When Apple CEO Tim Cook walked on stage for this year’s WWDC keynote, his first words could easily have been, “We are really, really sorry.”
Many of the new features announced in OS X Yosemite and iOS 8 are aimed at addressing long-standing annoyances, glaring holes, and problems solved on other platforms — Android in particular — that Apple had previously ignored. Here are the top 10 (or more, given all the changes in Messages) fixes that will improve your everyday experience with Apple’s operating systems.
Family Sharing -- Until now, Apple has seemingly viewed families as existing only in cute photos at keynotes. There was a virtual curtain between your iTunes content and apps and those your spouse may have purchased with a separate iTunes account. Fortunately, it’s possible to log in to multiple iTunes accounts, so that has been the standard workaround for sharing content and apps, but that requires sharing passwords, which is a no-go with older kids.
With the announcement of Family Sharing in iOS 8 and Yosemite, these awkward and unnecessary barriers come down, allowing up to six members of the same family to access content and apps purchased by any family member, as long as each person’s iTunes account is linked to the same credit card. (The credit card requirement will trip up some couples who maintain separate finances, but Apple has to draw the line somewhere.)
One person acts as the “family organizer,” and invites up to five other family members, who can accept the invite from any Mac or iOS device, after which the organizer and invitees can access each other’s content.
Family Sharing improves controls for managing spending, since the family organizer is responsible for all charges on those linked accounts, unless the purchaser uses a gift card balance. So what if a child wants to make a purchase? If Ask to Buy is enabled, when a child attempts to make a purchase, a notification is sent to the organizer’s device, and the organizer can approve or decline the purchase request. No more surprise $500 in-app purchase bills!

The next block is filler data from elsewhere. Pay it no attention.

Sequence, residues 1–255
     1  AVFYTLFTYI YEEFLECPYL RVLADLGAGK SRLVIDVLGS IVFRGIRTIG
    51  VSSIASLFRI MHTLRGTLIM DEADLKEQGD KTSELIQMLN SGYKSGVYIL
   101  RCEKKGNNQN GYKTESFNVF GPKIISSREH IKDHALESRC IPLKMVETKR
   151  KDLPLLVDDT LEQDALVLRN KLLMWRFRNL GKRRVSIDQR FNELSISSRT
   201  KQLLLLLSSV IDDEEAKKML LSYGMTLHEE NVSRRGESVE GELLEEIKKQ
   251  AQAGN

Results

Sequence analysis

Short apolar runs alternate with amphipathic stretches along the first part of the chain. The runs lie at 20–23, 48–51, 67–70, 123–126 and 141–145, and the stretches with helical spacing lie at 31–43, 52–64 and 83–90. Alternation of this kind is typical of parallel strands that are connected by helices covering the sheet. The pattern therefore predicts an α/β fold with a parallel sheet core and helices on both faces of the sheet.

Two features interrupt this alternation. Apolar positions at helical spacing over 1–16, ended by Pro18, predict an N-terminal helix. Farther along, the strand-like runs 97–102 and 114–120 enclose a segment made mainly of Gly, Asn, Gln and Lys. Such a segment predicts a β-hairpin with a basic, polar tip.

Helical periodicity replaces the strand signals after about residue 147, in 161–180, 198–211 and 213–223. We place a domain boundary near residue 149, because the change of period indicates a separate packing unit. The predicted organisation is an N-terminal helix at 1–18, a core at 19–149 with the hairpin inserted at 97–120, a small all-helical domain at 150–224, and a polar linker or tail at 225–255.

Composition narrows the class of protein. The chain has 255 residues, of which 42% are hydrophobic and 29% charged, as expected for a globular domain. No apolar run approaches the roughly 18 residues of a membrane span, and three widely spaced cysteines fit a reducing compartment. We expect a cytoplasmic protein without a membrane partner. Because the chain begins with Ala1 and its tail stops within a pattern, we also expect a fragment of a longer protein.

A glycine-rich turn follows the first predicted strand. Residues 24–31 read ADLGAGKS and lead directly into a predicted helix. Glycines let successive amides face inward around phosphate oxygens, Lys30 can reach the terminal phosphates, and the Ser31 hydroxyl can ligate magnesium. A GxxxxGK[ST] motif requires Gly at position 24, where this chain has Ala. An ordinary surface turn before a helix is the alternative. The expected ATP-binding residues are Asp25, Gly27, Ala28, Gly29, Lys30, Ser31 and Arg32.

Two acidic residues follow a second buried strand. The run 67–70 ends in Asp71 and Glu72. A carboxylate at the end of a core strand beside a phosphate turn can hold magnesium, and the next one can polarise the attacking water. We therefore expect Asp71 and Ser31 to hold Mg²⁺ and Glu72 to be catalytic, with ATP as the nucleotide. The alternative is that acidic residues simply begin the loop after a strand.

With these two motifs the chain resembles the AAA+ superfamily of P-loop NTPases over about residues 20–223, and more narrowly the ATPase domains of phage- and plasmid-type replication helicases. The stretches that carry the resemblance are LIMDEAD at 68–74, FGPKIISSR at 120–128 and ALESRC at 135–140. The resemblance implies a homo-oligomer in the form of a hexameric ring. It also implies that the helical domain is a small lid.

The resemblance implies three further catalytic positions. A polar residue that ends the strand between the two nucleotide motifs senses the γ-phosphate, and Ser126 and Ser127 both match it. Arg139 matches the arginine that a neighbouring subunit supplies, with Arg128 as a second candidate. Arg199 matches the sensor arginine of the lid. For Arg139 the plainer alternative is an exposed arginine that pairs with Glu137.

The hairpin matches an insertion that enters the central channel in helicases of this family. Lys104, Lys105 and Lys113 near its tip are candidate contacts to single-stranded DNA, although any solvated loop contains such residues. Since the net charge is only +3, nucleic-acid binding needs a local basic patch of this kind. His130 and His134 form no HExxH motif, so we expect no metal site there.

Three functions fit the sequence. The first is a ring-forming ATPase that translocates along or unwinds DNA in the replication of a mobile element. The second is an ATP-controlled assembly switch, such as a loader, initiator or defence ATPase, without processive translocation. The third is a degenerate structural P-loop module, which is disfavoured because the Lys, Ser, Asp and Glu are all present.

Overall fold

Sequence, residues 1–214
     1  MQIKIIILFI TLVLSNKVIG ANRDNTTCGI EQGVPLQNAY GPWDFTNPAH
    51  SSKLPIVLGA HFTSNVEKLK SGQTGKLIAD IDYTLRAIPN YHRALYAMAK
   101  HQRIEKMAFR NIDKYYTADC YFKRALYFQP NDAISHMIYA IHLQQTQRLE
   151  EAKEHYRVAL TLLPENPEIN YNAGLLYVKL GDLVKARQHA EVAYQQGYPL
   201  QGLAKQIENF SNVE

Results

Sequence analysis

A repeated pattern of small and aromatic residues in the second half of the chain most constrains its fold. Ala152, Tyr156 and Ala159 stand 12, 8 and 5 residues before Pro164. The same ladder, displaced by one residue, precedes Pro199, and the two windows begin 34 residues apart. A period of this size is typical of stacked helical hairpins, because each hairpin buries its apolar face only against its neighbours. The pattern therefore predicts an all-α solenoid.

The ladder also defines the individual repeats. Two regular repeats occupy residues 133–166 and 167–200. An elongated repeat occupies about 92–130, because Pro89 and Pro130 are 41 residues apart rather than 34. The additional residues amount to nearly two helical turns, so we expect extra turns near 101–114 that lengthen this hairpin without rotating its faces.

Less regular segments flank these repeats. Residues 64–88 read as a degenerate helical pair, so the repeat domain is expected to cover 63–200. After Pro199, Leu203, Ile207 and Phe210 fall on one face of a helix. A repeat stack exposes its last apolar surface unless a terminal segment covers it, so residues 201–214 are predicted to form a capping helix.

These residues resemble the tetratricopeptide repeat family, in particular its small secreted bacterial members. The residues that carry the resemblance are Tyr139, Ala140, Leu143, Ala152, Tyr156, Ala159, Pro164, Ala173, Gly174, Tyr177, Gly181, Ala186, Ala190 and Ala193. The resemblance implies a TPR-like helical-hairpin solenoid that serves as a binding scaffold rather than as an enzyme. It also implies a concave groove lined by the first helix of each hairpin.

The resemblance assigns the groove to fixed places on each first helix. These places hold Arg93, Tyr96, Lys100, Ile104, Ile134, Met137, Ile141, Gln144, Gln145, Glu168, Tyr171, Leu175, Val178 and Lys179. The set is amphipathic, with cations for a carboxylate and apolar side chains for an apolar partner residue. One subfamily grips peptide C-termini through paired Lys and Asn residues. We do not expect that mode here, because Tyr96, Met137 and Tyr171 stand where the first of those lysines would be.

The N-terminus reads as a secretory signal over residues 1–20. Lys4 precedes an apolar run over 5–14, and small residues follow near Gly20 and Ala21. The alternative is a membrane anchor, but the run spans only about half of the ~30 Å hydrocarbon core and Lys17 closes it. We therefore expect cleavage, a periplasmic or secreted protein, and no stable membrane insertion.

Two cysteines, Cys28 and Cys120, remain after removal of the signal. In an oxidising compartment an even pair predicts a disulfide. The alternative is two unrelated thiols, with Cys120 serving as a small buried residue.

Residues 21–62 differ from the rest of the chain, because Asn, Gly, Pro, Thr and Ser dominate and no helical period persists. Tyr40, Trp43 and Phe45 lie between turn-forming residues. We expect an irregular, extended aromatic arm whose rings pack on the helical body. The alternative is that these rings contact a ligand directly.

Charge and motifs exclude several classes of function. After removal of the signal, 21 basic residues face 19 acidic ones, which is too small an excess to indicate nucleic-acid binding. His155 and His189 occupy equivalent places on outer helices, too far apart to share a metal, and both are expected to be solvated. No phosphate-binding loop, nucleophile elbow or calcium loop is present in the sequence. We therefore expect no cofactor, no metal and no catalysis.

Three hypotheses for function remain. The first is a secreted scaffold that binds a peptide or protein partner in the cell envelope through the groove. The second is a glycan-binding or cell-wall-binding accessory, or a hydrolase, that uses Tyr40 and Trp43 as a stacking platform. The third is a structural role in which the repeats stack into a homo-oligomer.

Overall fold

When Family Sharing is set up, it also creates a shared calendar and set of reminders, which appear automatically on all linked devices. It also automatically lets family members see where everyone else is in Find My Friends and Find My iPhone, though location sharing can be disabled in Family Sharing settings, found in Settings > iCloud. Family Sharing also automatically sets up a Family shared photo stream in the Photos app, where family members can add shared photos.
Should a child go off to college and leave Family Sharing, she immediately loses access to the other family members’ content, apps, photos, calendars, locations, and reminders.
Major Messages Improvements -- Messages may be the most used app in iOS, but it’s also the most annoying, and Apple has improved it in numerous important ways.
A new Details view for each conversation shows all the attachments shared, and lets you delete photos and videos to save space, without deleting the entire conversation. That should let us recover significant space on our iOS devices.
If you don’t want to manage attachments manually, you can go to Settings > Messages > Store Messages and set Messages to delete conversations automatically after 30 days or one year. By default, it keeps them forever.
You can share your location within Messages’ Details view, for one hour, until the end of the day, or indefinitely. This is far easier than dropping a pin in Maps and sharing it via Messages now.
Group conversations can now be named, which should reduce accidental sends to the wrong set of people, a confusing and sometimes embarrassing mistake that happens all too often now. This should make ongoing conversations easier to maintain as well — you might have one for co-workers, another for family chats, and a third for college friends.
Apple is eliminating the separation between iMessage and SMS. Now your iPhone will link up with your Mac to integrate messaging (and phone calls, but that’s a completely new feature, not an improvement on existing behavior), so you can message your “green bubble friends” from Messages on the Mac.
Large group conversations should no longer become incessant nags. Currently, if you send an iMessage to a bunch of friends, you could find yourself in an inescapable flood of chatter, since there’s no way to stop, leave, or mute the conversation. (For a funny story about how broken group messages were, see Nick Disabato’s “Have a Very iMessage Holiday.”)